Wed, Aug 16, 2006 - Page 2 News List

Agriculture council to stiffen penalties for animal abuse

PRISON TIME The COA plans to make animal abuse a criminal offense, meaning that violaters could face a jail term

By Flora Wang  /  STAFF REPORTER

Animal abusers may face criminal punishment for serious abuse in the future, the Council of Agriculture (COA) said yesterday.

According to the council's proposed amendment to the Animal Protection Act (動物保護法), those who cause intrusive harm to an animal or physical disability may be sentenced to one year in prison.

Wang Chung-shu (王忠恕), a technical specialist in the Animal Husbandry Department's husbandry administration section, told the Taipei Times that although discussions were still ongoing between the council and legal professionals over whether it was appropriate to add criminal punishment to the law, the council was firm in its decision.

INTERNET POSTING

Wang said the move came in response to a recent cat abuse case, in which a man who holds a master's degree abused a kitten and posted pictures of the abuse on Web sites in China.

The man's actions have drawn widespread public condemnation and prompted animal activists to plea for criminal penalties for animal abusers.

Wang said that those involved in mild animal abuse would face a penalty of up to NT$50,000, the same punishment mandated under the current regulation.

He added that the proposal also contained an emergency protection article for animals, allowing law enforcement officers to rescue abused animals under emergency circumstances without first obtaining a warrant.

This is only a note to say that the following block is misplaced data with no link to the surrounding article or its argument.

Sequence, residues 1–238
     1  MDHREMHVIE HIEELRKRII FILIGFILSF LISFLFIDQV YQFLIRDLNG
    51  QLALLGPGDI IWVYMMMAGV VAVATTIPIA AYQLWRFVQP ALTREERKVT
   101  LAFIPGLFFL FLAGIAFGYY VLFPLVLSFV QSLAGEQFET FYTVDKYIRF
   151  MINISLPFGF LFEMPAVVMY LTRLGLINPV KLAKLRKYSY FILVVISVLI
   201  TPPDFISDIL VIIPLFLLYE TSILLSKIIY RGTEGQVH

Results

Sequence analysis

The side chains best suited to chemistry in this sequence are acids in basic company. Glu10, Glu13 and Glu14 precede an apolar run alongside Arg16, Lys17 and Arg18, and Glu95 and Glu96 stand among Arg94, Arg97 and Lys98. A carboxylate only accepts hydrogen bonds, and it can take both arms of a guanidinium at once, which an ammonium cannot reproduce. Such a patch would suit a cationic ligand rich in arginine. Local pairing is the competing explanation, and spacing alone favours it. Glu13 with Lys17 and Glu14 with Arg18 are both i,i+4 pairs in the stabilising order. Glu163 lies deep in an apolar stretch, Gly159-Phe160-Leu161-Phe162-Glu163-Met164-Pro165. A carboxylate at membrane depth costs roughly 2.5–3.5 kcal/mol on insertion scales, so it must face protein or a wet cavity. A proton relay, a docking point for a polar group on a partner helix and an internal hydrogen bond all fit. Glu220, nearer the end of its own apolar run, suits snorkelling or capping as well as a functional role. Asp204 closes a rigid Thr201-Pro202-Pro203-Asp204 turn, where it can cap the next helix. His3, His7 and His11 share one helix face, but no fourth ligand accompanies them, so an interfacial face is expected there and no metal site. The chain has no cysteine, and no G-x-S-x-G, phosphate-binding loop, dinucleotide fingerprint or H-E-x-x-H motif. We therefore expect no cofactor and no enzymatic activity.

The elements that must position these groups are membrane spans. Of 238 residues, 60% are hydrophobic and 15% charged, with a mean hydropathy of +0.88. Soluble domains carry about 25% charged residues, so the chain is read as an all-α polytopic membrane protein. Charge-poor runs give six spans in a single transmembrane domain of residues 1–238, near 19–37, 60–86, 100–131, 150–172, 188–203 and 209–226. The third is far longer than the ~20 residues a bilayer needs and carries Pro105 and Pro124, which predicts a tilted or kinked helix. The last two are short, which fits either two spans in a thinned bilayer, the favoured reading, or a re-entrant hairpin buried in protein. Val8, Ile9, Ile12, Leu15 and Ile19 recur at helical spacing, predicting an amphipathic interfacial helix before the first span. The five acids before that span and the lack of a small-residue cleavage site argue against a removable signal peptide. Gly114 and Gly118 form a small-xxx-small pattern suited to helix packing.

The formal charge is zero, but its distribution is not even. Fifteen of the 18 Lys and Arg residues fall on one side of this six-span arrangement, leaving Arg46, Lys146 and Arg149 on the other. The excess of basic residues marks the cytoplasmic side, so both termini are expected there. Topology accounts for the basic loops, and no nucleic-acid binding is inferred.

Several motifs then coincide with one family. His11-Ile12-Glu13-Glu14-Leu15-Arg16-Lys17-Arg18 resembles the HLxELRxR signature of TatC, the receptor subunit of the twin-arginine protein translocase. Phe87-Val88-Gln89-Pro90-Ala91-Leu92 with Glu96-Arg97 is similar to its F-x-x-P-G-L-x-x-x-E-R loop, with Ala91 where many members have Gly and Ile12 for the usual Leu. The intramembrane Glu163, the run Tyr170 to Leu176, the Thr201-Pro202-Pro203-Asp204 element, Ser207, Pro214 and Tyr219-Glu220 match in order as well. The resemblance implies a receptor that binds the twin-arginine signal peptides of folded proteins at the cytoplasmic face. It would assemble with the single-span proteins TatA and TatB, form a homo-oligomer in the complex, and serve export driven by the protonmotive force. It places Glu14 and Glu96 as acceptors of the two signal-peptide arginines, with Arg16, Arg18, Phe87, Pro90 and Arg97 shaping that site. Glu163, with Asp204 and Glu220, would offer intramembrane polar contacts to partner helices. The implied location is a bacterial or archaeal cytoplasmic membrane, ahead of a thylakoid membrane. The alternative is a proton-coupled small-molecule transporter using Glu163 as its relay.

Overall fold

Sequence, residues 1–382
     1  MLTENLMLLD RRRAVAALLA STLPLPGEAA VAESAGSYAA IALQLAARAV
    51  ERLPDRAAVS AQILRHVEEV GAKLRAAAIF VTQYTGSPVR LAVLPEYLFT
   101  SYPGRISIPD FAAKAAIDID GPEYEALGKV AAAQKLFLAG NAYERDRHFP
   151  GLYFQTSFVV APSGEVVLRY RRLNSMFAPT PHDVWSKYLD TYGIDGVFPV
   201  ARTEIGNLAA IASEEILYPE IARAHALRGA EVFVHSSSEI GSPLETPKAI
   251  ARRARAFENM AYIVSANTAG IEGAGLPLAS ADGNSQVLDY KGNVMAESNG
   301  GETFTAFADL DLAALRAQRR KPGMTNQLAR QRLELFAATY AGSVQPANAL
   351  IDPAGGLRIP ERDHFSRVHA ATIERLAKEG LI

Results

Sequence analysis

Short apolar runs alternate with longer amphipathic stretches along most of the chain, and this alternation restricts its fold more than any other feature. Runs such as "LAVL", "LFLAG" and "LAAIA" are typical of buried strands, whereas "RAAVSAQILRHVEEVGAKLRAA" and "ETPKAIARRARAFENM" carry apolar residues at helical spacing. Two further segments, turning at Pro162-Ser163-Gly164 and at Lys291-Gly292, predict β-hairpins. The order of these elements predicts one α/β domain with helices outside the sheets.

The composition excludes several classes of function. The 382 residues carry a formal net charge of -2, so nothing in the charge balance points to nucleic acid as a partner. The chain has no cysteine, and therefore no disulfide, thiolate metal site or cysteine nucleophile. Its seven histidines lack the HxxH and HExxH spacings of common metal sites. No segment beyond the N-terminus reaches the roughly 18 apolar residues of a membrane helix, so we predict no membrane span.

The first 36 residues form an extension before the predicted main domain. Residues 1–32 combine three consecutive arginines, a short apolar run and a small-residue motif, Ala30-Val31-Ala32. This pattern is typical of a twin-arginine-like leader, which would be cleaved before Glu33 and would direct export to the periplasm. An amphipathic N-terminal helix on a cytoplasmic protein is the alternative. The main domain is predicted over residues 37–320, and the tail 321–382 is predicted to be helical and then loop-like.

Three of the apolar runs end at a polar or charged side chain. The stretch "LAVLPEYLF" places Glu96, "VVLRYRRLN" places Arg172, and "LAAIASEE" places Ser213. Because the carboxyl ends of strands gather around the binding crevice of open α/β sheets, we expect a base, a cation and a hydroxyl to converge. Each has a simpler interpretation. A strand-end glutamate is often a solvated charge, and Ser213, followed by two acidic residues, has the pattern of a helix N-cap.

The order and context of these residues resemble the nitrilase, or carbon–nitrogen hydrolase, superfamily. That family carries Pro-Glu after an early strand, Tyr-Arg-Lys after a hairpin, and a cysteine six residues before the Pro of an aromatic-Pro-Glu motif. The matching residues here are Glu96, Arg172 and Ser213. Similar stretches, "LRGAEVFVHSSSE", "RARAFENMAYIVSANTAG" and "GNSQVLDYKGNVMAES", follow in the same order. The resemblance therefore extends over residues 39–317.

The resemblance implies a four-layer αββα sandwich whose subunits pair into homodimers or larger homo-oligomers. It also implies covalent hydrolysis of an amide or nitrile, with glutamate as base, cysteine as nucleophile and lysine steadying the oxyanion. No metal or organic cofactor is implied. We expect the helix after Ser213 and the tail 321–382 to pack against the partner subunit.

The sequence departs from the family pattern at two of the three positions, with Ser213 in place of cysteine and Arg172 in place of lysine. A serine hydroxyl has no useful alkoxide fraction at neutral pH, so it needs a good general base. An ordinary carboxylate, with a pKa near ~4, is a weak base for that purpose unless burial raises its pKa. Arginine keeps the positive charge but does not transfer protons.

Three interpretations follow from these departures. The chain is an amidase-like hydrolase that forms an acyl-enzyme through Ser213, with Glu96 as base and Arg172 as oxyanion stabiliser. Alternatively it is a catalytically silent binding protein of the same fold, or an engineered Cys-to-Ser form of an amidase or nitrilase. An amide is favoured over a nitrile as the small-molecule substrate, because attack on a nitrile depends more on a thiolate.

He said the proposal was still under discussion, but senior officials at the council would like to send the proposal to the legislature as soon as possible.

ACTIVIST RESPONDS

Responding to the proposal, Chen Yu-min (陳玉敏), spokeswoman for the Environment and Animal Society of Taiwan, an animal rights group, said that public discussions should be held to reach a concensus on the severity of the punishments.

The society believes that a better way to prevent animal abuse would be to add a law to the Criminal Code banning all abuse, she said, adding that studies from other countries showed that 80 percent of animal abusers often abused children and women as well.

She said the society would work with other civic groups and legislators to draft a "more serious amendment" to address more animal protection issues.

The Animal Protection Act was enacted in 1998. It is part of the country's administrative regulations, so the punishment for animal abusers is milder than that in other countries, according to the council.

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